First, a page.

When do you need a lawyer?

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I spend an awful lot of time negotiating relatively small/low value agreements with other agents, tenants, owners, etc.

Pretty often, I find myself drafting contract language, because the matter at hand is small enough that its not worth spending thousands of dollars on a lawyer.

That’s obviously ok for my own deals. After all, I trust myself to do a good job and I’m a big boy, so I’m willing to accept the consequences if I screw up.

But, when I’m brokering for someone else, there’s a very fine line I have to walk. I need to be willing to be sufficiently creative to help my client get what s/he wants without getting so far into legal drafting that I’m effectively practicing law without a license.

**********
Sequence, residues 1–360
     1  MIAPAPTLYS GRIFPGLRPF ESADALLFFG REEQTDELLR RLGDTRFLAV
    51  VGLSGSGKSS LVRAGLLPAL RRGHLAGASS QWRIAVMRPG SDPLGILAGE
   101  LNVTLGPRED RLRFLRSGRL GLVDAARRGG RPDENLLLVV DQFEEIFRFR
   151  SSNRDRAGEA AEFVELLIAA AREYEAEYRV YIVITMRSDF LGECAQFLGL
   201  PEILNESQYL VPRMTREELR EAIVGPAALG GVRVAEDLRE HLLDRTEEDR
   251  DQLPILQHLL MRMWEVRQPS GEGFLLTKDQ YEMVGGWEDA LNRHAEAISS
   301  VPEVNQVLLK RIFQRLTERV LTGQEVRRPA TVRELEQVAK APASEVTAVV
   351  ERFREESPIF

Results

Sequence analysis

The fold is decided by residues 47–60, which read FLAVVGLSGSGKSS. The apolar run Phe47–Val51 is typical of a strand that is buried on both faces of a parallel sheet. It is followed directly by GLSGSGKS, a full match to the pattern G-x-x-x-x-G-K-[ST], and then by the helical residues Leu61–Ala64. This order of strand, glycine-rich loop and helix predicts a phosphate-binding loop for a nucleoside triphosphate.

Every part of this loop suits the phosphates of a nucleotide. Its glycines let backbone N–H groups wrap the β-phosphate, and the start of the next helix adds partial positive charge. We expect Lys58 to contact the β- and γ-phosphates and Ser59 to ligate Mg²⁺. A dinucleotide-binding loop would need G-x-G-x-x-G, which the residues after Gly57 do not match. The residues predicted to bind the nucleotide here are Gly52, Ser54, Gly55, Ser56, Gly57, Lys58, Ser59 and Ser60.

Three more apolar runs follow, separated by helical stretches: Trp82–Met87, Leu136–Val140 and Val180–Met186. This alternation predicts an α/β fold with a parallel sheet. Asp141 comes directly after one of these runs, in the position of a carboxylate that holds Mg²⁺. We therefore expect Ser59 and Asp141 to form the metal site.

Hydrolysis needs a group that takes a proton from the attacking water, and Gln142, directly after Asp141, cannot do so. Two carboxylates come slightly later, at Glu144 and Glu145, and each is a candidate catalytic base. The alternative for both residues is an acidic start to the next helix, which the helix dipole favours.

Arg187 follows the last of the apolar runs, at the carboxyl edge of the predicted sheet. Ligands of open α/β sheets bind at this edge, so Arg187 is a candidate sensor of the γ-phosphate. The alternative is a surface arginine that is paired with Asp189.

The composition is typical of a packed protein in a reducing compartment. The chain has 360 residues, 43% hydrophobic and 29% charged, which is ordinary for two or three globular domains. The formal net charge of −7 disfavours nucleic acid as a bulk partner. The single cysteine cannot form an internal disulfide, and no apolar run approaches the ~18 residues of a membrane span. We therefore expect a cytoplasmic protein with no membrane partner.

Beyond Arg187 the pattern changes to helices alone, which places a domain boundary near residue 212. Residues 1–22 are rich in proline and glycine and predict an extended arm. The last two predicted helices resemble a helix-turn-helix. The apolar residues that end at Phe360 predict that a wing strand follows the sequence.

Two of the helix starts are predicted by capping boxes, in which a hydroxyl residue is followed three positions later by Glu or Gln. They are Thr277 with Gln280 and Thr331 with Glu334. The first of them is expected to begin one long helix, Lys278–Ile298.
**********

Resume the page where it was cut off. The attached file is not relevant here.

This is the kind of risk that big brokerages DEFINITELY don’t allow their agents to take. The result? Clients of big brokerages don’t get the benefit of the most creative deal-making, which means that, on the margin, they probably lose out on some opportunities they could have grabbed.

Because I own Adaptive and the buck stops with me, I can make judgment calls (always in consultation with our clients, and with the appropriate disclaimers / disclosures!) about what we can do ourselves and what requires the services of a lawyer. So, on the margins, I like to think that our clients do slightly better in these situations than they would have with someone else.

Again, we’re not talking about high stakes negotiations. But every little bit helps in this business.

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